Dr. med. Dirk Manski



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Wilms Tumor (Nephroblastoma)

Definition of Wilms Tumor

Wilms tumor (or nephroblastoma) is a rare malignant renal tumor in children with develops from remnants of immature tissue from the renal development (Graf et al, 2003) (Metzger et al, 2005) (Kalapurakal et al, 2004) (Wu et al, 2005). The tumor was described in 1899 by the German surgeon Max Wilms (1867–1918).

Epidemiology

Incidence 1/100.000 in children under 15 years, median age at diagnosis is 3.5 years. Balanced sex ratio.

Association of Wilms tumor with rare genetic syndromes:

10% of Wilms tumors are associated with congenital anomalies and syndromes:

Denys-Drash syndrome:

Male pseudohermaphroditism, renal mesangial sclerosis, Wilms' tumor (50% risk) and WT1 mutations (see below).

WAGR syndrome:

WILMS tumor in 50%, Aniridia, Genital anomalies, mental Retardation, WT1 mutations (see below).

Beckwith-Wiedemann syndrome:

4–10% risk for Wilms tumor, excessive growth at the cellular level, organ level (macroglossia, nephromegaly, hepatomegaly) or body segment level (hemihypertrophy), WT2 mutations (see below).

Perlman syndrome:

Very rare genetic syndrome characterized by among other polyhydramnios, macrosomia, bilateral renal tumors with a high risk for Wilms tumor.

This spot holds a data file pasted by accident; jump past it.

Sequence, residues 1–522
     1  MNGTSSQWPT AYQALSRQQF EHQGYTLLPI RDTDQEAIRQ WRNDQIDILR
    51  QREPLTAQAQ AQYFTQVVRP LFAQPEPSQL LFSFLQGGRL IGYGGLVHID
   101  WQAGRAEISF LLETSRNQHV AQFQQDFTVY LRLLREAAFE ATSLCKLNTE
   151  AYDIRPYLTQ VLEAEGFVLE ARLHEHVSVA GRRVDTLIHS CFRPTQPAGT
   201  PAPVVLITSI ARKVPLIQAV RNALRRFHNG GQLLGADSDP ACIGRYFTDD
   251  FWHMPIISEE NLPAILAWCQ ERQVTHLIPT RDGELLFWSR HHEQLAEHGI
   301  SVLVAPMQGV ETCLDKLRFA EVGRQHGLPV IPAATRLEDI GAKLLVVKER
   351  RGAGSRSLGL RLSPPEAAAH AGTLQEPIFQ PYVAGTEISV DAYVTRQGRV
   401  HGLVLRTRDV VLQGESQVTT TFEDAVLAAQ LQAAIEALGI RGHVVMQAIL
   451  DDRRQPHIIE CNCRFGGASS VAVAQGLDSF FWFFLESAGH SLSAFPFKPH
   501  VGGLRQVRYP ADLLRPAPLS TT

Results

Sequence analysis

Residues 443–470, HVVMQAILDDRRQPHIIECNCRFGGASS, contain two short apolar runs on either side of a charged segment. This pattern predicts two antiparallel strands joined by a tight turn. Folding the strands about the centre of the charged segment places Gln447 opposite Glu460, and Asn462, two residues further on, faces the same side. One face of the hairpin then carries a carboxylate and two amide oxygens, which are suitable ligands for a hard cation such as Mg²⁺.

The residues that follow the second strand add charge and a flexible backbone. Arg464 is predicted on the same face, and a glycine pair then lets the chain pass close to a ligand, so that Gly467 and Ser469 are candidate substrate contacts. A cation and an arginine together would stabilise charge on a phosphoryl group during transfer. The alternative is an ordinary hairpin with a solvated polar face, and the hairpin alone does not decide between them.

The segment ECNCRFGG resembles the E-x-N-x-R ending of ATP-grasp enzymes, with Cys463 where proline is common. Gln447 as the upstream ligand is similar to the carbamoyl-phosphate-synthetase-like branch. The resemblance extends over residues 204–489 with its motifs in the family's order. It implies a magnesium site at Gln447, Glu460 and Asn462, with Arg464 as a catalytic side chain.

Fanconi anemia D1:

generally increased risk of tumors, 20% risk of Wilms tumor.

Horseshoe kidney:

2–7-fold increased risk of Wilms tumor.

Causes (Etiology) of Nephroblastoma

Tumor suppressor genes:

Wilms tumor is a classic example for loss of function mutations of tumor suppressor genes. Due to the diploid chromosome status, at least two genetic events are necessary for the complete loss of function of a tumor suppressor. In genetic syndromes or familiar Wilms tumor, the first mutation is inherited from the parents, the second mutation occurs spontaneously or during the further development.

Wilms tumor suppressor gene 1 (WT1):

WT1 is located on chromosome 11p13. The gene product regulates the expression of other genes during normal kidney development.

WT2:

WT2 is located on chromosome 11p15. The gene product is not known.

Further molecular changes:

p53 mutations, WTX mutations, LOH at 1p and 16q.